Case in point: I’ve only recently become aware of an entire genre of board games that you can’t find on the shelves of your local Wal-Mart. They’re more detailed and targeted toward a consumer who really loves the medium, and they seem to be as much art and culture as they are actual gameplay.
I feel like the breakout hit game Cards Against Humanity helped people broaden their horizons with the gaming genre, but once you start exploring, the choices are amazing and addictive. Take this one for example:
This is the game that got me hooked on European Style board games. Tesla vs Edison. I was already interested in the subject material and the game itself is fucking inspired. It’s the kind of game that just chuckles at the version of you who was proud of kicking ass at Scattergories. And it’s educational. For example, did you know that Edison didn’t electrocute Topsy the Elephant? That’s a myth.
The first game I ever remember really loving was probably Mastermind. If you can manage to not lose all the little black and white score pegs, that game is a lot of fun. And look at that absolute pimp on the cover. Two colors in his hair and his waxed Van Dyke. He has rocket hot women in white dresses following him wherever he goes. (No latent cultural misogyny injection at all in this image. No, sir!) Looking back, this cover probably damaged my life in a thousand ways because my goal has always been to be this dude. Sitting around, fingertip pyramid, smug asshole face, doing absolutely nothing next to high gloss surfaces, waiting for a pixie to show up in casual wedding attire and be my wingman. Because I’m a Mastermind. Oh god. Now that I’ve realized all this, I might consider a lawsuit. What an idiot I am.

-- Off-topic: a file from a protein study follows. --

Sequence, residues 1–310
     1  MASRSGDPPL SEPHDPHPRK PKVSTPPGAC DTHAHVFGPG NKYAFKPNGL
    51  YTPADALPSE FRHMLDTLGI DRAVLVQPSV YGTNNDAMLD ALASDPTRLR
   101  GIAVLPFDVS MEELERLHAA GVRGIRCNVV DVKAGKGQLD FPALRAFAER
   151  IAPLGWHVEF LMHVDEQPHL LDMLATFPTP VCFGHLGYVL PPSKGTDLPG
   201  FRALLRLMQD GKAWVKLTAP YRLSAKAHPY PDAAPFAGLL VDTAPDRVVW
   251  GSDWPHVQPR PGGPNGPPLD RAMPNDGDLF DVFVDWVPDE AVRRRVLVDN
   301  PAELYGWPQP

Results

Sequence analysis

Clue. I couldn’t get enough clue. I had Clue and Clue FX and like seven different versions of Clue including the one in a fancy tin with badass figurines and shit and one ‘luxury’ wooden one with sunken rooms. I still love Clue. We just got Harry Potter Clue for Christmas but the kids won’t crack it open because they’re on book five and I’ve taught them to avoid spoilers like the plague.